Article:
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The Chattering MindA Conceptual History of Everyday Talk$
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Samuel McCormick

Print publication date: 2020

Print ISBN-13: 9780226677637

Published to Chicago Scholarship Online: September 2020

DOI: 10.7208/chicago/9780226677804.001.0001

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PRINTED FROM CHICAGO SCHOLARSHIP ONLINE (www.chicago.universitypressscholarship.com). (c) Copyright University of Chicago Press, 2021. All Rights Reserved. An individual user may print out a PDF of a single chapter of a monograph in CHSO for personal use.date: 24 July 2021

Conclusion

Conclusion

Chapter:
(p.288) Conclusion
Source:
The Chattering Mind
Author(s):

Samuel McCormick

Publisher:
University of Chicago Press
DOI:10.7208/chicago/9780226677804.003.0011

By way of conclusion, the final chapter of this book highlights the individuating potential of chatter, idle talk, and empty speech. In particular, it argues that all of these communicative practices are techniques of self-cultivation, and that thanks to the network revolution of late-modernity, we are uniquely poised to develop and refine these techniques. As new technologies and techniques of mobile connection continue to blur the lines between proximal presence and physical absence, allowing users to mediate assembled crowds through dispersed publics, and vice versa, a pantheon of modern dichotomies—self versus society, reason version irrationality, normalcy versus deviance—gives way to a host of crosshatched identities, all of which are at once individual and collective, rational and irrational, normal and pathological. Chatter, idle talk, and empty speech structure and sustain these crosshatched identities. And when these communicative practices occur online, their operations and results become fully traceable, providing content generators of every stripe with unprecedented access to their own digital pasts. Whether access of this sort is sufficient to inspire the “psychoanalytic anamnesis” advocated by Lacan, or the “modifications” of average everydayness theorized by Heidegger, or the “examen rigorosum” envisioned by Kierkegaard remains to be seen.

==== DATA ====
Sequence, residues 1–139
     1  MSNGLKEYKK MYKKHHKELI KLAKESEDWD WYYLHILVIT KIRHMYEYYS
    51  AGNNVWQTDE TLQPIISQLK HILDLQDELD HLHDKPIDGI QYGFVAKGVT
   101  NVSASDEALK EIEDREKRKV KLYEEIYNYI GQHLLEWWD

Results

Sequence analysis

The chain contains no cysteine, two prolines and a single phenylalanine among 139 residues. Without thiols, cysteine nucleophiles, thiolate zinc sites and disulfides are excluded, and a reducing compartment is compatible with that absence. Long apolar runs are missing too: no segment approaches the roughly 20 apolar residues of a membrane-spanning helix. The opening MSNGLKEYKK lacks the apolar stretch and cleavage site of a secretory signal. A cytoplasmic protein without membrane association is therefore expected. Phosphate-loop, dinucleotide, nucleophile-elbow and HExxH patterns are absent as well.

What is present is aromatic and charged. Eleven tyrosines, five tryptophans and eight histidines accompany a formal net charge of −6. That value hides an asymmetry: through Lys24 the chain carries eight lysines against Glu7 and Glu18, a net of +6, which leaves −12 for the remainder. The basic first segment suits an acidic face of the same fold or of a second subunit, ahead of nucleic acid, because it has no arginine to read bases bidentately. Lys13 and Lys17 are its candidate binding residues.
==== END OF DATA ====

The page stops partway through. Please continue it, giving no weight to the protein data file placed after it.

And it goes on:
Keywords:   everyday talk, conversation, communication, big data, personal data, crowd culture, public culture, individualism, network theory, algorithmic culture

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